The California battery-car start-up, Tesla Motors, is hoping a new deal with the electronics giant, Panasonic, will help quell lingering concerns about its long-term viability.
The market seems to agree, Tesla shares jumping 14% after word of the deal, which makes the Japanese company, a major battery supplier, its third-largest shareholder. Tesla stock opens Friday at$24.90, the highest level since the company first went public last June.
Panasonic’s purchase of 1.42 million shares follows the move, earlier this year, by Toyota to invest $50 million in the California-based battery car maker. Panasonic is a key partner in Toyota’s own battery car program.
The latest announcement is “a powerful endorsement of our technology,” said Tesla CEO Elon Musk, an Internet pioneer who is also active in the commercialization of spaceflight. “We believe the partnership with them will enable us to further improve our battery pack while reducing cost.”
The partnership is likely to move quickly, sources indicate, as has the alliance between Tesla and Toyota. At the upcoming Los Angeles Auto Show, Toyota plans to unveil a prototype of the RAV4-EV, a battery-powered crossover/utility vehicle that was developed in close cooperation with Tesla. A Panasonic battery pack is likely to be used in the production version, which is scheduled to reach market in 2012.
So far, Tesla has produced only one product of its own, the low-volume Roadster, a $109,000 2-seat sports car. It is planning to launch the more mainstream 7-seat Model S sedan about the same time as the RAV4-EV, for $57,400.
Panasonic’s investment – underscored by Musk’s comments — suggest Tesla is taking a close look at its current battery strategy. The maker has until now opted for the use of laptop computer-style cylindrical batteries. The advantage is their ready availability, but their shape limits design flexibility and also requires some complex wiring – each of the roughly 6,800 batteries in the Roadster pack must be triple-fused to prevent fires and shorts.
In contrast, the 2011 Nissan Leaf uses only a couple hundred prismatic lithium-ion battery cells, a variation of the technology that allows for a smaller, more flexible design that can be modified more easily to minimize intrusion, for example, into a vehicle’s passenger and cargo space.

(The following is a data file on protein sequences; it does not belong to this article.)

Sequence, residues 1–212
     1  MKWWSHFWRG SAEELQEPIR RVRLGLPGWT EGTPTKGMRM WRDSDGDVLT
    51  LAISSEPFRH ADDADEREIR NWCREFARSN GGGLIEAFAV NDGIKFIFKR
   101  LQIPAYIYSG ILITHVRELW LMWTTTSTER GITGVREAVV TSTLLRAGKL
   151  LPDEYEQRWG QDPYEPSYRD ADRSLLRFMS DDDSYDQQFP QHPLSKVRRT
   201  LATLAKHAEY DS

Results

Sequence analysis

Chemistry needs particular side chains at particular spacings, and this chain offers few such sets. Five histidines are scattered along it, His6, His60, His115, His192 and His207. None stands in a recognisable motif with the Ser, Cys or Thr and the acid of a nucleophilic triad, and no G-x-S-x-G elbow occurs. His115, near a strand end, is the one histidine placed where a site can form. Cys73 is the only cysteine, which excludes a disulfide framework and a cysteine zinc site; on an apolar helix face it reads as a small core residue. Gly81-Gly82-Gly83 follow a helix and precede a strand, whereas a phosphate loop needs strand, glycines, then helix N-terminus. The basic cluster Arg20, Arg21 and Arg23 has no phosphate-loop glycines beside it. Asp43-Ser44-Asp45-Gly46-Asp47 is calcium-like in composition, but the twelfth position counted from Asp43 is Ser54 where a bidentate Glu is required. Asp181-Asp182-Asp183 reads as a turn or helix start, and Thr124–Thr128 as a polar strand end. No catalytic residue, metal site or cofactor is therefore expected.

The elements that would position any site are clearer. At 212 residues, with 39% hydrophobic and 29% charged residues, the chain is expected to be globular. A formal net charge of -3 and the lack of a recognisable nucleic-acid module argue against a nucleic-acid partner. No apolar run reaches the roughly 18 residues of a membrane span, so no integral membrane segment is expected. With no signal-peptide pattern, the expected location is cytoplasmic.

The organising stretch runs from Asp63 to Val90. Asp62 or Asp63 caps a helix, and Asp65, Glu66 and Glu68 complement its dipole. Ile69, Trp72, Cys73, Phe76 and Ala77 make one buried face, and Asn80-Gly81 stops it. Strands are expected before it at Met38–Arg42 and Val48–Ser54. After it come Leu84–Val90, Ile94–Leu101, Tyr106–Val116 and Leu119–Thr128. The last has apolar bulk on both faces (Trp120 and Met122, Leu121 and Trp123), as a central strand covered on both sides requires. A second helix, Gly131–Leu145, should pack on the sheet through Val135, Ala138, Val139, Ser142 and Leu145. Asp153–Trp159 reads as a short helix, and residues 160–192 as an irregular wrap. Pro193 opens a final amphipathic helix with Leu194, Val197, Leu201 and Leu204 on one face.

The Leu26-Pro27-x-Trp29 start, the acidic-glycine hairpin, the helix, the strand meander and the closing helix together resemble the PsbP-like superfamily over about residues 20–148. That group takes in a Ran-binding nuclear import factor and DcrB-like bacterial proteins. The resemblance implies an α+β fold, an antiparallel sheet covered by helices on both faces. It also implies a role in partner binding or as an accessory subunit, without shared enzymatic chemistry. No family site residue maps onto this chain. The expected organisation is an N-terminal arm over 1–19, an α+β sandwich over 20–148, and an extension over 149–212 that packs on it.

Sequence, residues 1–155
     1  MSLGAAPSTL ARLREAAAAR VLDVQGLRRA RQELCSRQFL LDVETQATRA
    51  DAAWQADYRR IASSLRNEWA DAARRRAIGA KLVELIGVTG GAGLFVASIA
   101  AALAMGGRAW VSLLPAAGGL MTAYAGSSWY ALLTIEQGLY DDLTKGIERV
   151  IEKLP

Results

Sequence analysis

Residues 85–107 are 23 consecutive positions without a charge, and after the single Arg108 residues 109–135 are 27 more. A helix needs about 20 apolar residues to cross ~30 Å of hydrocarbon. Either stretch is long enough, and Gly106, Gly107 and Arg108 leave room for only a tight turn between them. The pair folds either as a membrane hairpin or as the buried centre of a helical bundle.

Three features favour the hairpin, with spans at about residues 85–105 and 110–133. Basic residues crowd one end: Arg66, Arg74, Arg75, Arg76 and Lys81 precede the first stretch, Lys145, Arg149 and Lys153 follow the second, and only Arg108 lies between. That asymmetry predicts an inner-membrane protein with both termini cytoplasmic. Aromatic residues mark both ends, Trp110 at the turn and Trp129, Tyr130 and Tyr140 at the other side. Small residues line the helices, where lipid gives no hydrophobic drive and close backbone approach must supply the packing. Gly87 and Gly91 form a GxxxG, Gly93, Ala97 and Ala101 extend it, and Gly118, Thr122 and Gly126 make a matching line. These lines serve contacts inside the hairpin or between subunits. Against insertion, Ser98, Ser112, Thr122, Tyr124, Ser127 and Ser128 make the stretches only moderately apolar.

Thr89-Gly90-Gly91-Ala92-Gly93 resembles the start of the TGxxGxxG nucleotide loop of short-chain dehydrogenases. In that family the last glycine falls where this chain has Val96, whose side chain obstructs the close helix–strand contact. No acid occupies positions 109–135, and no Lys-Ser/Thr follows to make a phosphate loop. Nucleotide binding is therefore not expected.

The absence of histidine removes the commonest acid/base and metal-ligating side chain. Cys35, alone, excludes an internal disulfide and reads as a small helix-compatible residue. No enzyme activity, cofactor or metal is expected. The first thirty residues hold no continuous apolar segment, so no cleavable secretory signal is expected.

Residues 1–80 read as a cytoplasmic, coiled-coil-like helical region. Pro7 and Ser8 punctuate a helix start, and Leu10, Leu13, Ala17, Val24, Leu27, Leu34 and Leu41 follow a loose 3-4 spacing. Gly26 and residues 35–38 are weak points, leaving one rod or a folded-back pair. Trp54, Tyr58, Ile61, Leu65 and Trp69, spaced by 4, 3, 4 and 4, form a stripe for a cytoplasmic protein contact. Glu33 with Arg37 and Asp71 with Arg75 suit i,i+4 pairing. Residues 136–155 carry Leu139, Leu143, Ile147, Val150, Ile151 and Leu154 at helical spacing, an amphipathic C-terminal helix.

Tesla and Panasonic have agreed to develop more advanced batteries, which could show up in the Model S or a third vehicle the California maker claims to have under development. Tesla is hoping to not only drive down the cost of its batteries but also improve their energy density. That could translate into smaller packs – or more extensive range. The company has talked about offering buyers of the Model S the choice of 100-mile range – like Nissan’s Leaf, or the option of buying longer-range battery packs.
But a spokesman for Tesla emphasized that while Panasonic now becomes its “preferred” battery supplier, it is still free to turn elsewhere if it finds better, or cheaper technology.
Panasonic’s stock purchase – which was priced at $21.15 a share – is just the latest in a series of investments by big-name partners. Along with Toyota, Tesla has allied with Daimler AG. The German maker has turned to the California start-up for help in producing the battery-powered version of its Smart fortwo, the Smart ED, and they are working together on various projects that could eventually roll into Daimler’s Mercedes-Benz showroom.
Tesla’s June IPO and subsequent alliances come as personally good news for Musk, who has staked his reputation – and a chunk of the fortune he made as a founder of PayPal – on the company, based in California’s Silicon Valley. Going through a bitter divorce, Musk earlier this year told the courts he had run out of money, though he since earned millions selling off some of his holdings in Tesla.
After an initial run-up, briefly surging as high as $30 a share in midday trading, Tesla numbers had settled back closer to the initial IPO price, analysts repeatedly raising concerns about the company’s ability to make the transition from building limited-volume sports cars to something like the Model S. Production will take place at an old Toyota plant near San Francisco that Tesla bought earlier this year.